The film is classed as a wuxia/romance. Wuxia is a Chinese genre that focuses on stories about characters who are skilled in the martial arts. This film features some spectacular, gravity defying martial arts fights. My personal favourite fight sequence in this is the one in the green bamboo forest.

The film is set in ninth century China. The House of Flying Daggers is a revolutionary group opposing the corrupt government. Two police officers; the highly experienced Leo (Andy Lau)and the younger, but equally capable Jin (Takeshi Kaneshiro) are tasked with finding the leader of the Daggers and killing them. The trouble is nobody but those in the group know the current leaders identity. Leo arrests a young blind dancer called Mei(Ziyi Zhang), as she is suspected to be the daughter of the groups previous leader.

Once she is in jail, Mei is rescued by Jin (posing as a revolutionary, in a deception arranged by Leo),his rescue of her makes certain that he gains her trust. The couple flee across open country and forests to try and reach the Daggers headquarters. Unbeknown to either of them, Leo and his men are following them. There are also other people following and watching the pair. As they spend more time together, an undeniable bond begins to grow between Mei and Jin. The pair slowly realise they are falling in love.

I can’t say anymore about the plot without spoiling the three major twists that are revealed to us later in the film. These make you reassess everything you have watched and are totally unexpected.

Ziyi Zhang is one of my favourite actresses, and I think her performance here is out of this world. Ziyi makes Mei extremely vulnerable, yet strong and capable. She has adapted to her blindness and learnt to use her hearing in a way that ensures she is aware of what is going on around her. Mei has gained fame for her echo dance(one of the best remembered and most beautiful scenes in the film)in which the accuracy and precision of her hearing is put to the test. Later in the ambush in the field, we see how Mei’s hearing and martial arts skills allows her to be a formidable fighter despite her disability.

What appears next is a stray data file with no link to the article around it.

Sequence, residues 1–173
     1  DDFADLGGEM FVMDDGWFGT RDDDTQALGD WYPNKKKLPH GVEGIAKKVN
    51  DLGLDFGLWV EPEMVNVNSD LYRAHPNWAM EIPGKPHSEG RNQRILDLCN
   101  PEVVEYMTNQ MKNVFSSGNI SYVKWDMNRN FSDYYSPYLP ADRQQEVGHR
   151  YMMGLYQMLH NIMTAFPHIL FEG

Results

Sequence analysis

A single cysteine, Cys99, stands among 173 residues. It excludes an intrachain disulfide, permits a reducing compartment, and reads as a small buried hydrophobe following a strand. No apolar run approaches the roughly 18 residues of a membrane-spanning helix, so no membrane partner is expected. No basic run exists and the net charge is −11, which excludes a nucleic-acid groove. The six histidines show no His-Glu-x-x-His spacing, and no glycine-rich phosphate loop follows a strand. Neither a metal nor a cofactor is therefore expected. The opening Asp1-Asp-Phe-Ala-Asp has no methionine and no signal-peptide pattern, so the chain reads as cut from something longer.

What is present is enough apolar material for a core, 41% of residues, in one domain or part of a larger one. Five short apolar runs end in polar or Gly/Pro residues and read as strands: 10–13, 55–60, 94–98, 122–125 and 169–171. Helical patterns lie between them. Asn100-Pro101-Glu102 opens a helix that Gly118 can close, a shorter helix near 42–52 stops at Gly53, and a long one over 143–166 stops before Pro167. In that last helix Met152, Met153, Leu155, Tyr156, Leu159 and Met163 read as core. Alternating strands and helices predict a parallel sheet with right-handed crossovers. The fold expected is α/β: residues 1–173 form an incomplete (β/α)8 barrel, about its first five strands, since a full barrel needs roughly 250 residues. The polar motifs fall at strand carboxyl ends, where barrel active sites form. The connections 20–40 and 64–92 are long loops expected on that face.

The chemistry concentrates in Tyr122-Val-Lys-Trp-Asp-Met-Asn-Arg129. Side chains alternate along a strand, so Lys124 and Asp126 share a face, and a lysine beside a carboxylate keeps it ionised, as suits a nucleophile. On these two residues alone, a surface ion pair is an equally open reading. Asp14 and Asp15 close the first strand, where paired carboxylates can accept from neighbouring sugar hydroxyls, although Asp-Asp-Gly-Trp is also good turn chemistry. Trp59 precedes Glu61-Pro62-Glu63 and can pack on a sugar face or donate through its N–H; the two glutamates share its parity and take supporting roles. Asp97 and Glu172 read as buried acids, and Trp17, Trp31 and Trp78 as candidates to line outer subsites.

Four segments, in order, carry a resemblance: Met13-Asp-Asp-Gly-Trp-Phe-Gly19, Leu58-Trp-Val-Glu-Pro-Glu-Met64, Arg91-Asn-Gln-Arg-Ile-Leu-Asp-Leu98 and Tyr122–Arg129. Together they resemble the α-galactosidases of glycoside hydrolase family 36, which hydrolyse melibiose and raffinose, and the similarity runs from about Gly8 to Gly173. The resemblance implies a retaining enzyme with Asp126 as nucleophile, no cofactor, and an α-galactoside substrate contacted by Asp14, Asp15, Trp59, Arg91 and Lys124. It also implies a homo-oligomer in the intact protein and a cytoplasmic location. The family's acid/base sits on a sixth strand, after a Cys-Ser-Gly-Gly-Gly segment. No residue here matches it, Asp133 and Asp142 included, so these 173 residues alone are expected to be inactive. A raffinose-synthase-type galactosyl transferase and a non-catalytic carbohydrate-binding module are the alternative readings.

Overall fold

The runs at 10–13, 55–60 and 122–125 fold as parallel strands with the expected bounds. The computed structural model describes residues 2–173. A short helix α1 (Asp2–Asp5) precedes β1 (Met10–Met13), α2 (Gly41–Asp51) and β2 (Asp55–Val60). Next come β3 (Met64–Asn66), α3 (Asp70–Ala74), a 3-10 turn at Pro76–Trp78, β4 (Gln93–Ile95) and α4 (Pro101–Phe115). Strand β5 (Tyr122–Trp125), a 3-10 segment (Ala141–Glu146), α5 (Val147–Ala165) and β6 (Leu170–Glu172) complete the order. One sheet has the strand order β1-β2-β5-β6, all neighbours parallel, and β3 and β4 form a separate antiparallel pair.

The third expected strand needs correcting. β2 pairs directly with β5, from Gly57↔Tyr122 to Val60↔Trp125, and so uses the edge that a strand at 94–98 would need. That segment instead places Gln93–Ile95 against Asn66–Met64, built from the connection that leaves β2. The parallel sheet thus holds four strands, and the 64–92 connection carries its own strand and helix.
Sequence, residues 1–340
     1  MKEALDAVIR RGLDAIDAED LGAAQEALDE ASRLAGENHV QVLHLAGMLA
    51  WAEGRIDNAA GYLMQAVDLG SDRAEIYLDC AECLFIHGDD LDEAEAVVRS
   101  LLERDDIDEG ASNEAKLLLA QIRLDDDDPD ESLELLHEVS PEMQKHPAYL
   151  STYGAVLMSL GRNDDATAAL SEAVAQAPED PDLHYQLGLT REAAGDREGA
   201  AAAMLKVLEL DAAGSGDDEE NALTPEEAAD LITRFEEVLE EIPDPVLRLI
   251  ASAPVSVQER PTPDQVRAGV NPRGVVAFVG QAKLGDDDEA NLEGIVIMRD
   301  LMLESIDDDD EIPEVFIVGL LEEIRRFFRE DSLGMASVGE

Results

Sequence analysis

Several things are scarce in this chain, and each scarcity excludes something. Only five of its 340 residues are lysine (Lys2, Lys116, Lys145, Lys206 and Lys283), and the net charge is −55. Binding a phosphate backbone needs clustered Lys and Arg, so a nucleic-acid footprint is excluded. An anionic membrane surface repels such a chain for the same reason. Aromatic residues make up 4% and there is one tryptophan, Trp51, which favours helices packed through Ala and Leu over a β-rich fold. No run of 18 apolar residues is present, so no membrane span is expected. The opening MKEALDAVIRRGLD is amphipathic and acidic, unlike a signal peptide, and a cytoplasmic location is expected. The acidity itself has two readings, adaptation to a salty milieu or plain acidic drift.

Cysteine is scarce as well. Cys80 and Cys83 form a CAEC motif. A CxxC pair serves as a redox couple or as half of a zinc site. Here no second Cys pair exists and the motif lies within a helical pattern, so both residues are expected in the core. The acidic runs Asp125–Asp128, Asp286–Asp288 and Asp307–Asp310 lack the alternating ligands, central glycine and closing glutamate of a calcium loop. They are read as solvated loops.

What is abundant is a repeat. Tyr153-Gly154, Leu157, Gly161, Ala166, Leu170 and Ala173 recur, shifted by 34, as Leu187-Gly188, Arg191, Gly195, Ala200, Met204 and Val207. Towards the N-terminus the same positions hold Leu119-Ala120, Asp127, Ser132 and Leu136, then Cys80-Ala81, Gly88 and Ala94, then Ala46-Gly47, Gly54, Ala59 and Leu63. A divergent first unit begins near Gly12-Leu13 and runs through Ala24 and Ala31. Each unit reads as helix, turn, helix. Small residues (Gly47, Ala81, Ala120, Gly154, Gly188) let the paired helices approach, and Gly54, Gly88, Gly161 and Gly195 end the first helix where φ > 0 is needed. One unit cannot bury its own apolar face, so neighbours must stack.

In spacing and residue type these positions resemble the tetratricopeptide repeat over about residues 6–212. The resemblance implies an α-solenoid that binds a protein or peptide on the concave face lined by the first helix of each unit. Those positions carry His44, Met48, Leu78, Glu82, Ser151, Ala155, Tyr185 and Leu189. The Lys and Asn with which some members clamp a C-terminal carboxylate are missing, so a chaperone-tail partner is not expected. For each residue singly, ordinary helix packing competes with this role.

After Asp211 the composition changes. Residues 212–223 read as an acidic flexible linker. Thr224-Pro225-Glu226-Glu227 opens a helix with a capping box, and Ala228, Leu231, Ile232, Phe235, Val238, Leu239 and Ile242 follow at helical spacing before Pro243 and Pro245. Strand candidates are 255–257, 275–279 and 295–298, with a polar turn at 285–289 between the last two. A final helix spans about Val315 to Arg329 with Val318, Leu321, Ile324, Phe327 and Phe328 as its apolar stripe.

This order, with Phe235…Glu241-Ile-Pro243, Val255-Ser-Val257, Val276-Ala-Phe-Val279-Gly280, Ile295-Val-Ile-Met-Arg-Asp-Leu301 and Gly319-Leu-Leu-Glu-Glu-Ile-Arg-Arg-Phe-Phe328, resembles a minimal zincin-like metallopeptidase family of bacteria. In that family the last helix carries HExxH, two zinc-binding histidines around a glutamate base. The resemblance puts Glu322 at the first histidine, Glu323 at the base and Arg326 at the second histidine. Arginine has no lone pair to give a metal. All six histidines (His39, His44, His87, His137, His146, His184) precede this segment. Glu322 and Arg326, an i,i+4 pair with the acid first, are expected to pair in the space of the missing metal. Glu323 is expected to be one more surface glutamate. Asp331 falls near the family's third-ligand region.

Andy Lau is excellent as the observant and patient police captain. He is clever and resourceful and will get what he wants. Lau is always a solid actor, but he is extremely good here.

I wasn’t familiar with Takeshi Kaneshiro before I first saw this film, and I still need to see more of his work, but I’m very impressed with his performance here. The way he conveys to us his growing love and affection for Mei is done so well and seems so genuine. He makes Jin observant and capable of taking care of himself.

My favourite scenes are the following. The fight in the bamboo forest. The echo game sequence, which ends with a gravity defying sword sequence. The scene at the forest bath. The reunion between the two former lovers at the Daggers headquarters. Jin picking flowers on horseback for Mei.

This is an exciting and moving film. If you love martial arts this is one for you. The film is romantic and tragic too. There is something for everyone in this one.

Are you a fan of this film? Please leave your thoughts below. Never seen it? I highly recommend it.

 

 

 

 

Blogathons, Romance

It Happened One Night (1934)

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Hi everyone. Hope you are all well.  It’s blogathon time again 🙂